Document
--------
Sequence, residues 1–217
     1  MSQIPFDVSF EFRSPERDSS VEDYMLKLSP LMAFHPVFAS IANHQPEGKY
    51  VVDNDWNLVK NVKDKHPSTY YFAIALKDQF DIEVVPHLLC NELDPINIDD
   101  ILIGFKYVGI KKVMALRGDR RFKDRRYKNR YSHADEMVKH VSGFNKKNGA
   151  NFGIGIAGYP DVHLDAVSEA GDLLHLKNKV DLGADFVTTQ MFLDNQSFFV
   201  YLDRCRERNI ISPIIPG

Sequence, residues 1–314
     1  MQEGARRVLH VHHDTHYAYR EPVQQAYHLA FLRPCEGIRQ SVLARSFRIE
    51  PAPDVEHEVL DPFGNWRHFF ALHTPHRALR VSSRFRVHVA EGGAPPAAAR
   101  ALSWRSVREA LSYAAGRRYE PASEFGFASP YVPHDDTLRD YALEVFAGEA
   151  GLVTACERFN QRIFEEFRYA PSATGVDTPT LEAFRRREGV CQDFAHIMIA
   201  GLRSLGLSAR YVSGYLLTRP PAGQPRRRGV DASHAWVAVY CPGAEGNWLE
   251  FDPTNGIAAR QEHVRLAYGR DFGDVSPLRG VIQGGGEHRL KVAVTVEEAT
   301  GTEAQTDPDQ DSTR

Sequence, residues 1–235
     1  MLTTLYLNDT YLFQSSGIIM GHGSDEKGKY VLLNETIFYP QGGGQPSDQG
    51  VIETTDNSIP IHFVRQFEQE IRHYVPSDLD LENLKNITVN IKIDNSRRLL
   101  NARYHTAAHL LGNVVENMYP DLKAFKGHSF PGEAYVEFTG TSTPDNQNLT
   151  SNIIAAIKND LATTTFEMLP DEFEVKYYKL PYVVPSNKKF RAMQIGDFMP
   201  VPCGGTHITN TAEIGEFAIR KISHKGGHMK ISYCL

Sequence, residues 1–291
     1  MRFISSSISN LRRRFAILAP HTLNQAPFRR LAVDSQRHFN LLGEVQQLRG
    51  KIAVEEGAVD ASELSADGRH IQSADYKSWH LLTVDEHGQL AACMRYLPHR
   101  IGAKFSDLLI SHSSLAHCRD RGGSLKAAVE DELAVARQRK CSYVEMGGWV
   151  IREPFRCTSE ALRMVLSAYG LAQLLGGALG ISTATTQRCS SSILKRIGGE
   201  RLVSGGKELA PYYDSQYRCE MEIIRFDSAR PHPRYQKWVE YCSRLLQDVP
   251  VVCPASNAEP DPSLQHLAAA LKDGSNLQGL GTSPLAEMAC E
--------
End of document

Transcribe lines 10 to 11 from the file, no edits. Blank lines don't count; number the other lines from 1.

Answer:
   101  ALSWRSVREA LSYAAGRRYE PASEFGFASP YVPHDDTLRD YALEVFAGEA
   151  GLVTACERFN QRIFEEFRYA PSATGVDTPT LEAFRRREGV CQDFAHIMIA